• Producing sustainable safety footwear in collaboration with strictly selected suppliers
  • Testing all of the materials used on environmental impact
  • Helping clean up the ocean and produce laces, lining and socks from the waste
  • Using the sun to power their factory
  • Producing metal-free shoes to reduce metal mining
  • Prioritising eco-friendly packaging materials 
  • Closing the loop by taking back worn safety shoes
  • Recycling and reusing materials from old shoes and production waste to start new supply chains for entirely different products 

Meanwhile, the vision of sister company Snickers Workwear is to be at the forefront of sustainability by using smarter solutions and technologies, including sourcing the highest quality, most hard-wearing products with as little environmental impact as possible.

Some of the steps Snickers Workwear are taking to improve their environmental performance include:

  • Setting a goal on GHG emissions of a 50% reduction in scope 1 & 2 by 2030, from a base year of 2018 since which Snickers has already reduced GHG emissions by 40%. They are also in the process of setting a goal for GHG reduction in Scope 3.
  • Limiting their chemical footprint through the use of a Group-wide Restricted Substance List (RSL), which all production suppliers must sign.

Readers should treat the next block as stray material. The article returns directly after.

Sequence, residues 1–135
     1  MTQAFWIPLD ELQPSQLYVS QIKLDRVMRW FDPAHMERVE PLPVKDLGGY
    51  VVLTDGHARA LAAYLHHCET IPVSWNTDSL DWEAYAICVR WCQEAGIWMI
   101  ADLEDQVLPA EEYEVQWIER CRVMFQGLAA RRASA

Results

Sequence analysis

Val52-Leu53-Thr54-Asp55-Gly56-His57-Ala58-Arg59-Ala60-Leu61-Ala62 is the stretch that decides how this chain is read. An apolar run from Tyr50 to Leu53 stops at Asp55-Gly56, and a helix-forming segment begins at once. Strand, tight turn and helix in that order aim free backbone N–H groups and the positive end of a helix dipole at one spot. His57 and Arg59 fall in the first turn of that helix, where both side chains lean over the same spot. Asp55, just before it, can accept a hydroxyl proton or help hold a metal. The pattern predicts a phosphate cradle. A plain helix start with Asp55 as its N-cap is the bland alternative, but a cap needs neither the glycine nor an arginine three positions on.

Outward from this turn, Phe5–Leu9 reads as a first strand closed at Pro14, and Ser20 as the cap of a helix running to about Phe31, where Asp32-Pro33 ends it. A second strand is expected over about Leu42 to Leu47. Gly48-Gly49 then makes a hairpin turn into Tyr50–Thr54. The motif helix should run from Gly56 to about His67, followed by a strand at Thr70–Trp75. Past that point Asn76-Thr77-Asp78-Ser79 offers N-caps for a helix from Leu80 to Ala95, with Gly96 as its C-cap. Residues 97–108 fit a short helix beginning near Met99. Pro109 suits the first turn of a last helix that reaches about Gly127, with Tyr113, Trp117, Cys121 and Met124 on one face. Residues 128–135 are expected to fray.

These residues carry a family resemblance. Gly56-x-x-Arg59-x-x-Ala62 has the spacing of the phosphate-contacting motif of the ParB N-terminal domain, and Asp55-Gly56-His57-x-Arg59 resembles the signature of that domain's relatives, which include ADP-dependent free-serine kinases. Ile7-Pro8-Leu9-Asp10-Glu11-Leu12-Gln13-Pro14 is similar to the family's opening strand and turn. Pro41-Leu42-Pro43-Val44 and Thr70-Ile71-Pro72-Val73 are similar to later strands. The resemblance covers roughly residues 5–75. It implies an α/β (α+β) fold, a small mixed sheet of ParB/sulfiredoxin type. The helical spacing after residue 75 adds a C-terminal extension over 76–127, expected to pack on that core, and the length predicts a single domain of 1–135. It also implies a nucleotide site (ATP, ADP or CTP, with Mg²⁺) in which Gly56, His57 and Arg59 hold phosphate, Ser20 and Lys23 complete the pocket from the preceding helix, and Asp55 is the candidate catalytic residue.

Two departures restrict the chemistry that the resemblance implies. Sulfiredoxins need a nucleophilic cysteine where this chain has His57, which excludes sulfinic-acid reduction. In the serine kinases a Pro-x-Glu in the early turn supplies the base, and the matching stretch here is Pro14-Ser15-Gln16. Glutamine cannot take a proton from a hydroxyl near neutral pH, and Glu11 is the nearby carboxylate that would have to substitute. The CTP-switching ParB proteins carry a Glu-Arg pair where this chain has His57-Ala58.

• Prioritising premium materials for premium products through their internal and external supplier assurance process (Show OEKO-TEX and Blue Design logos)
  • Prioritising ‘Preferred fibres’ - defined as fibres that have more sustainable properties in comparison to conventional options - (Goal: To source 70% of fibres as preferred fibre by 2030)
  • Ensuring garments made from Preferred fibres are comparable when it comes to durability and comfort, because creating hard-wearing products with a long product lifetime is key to reducing waste
  • Choosing the most appropriate fibre to achieve a long tire-time for a garment - this might include man-made materials, such as nylon and polyester, that can easily be recycled to create new raw material with the same performance level as the original virgin material.
  • Committing to conscious cotton choices - (Show Goal: To source 80% of cotton as more sustainable cotton by 2023") 
  • Driving demand for Better Cotton which positively impacts farmers and the environment. bettercotton.org (Show Better Cotton logo and weblink) 
  • Using a more sustainable colouring process for Polyester that significantly reduces water, chemicals and energy use – commonly referred to as dope dye.
  • Using 'Mulesing-Free' Merino Wool to prevent animal cruelty

How can you make a difference?

As manufacturers navigate the complex and challenging transition to more circular and sustainable business models, you can support them by evaluating environmental standards within your supply chains and valuing those companies who are committed to improving sustainability. Things you can do include: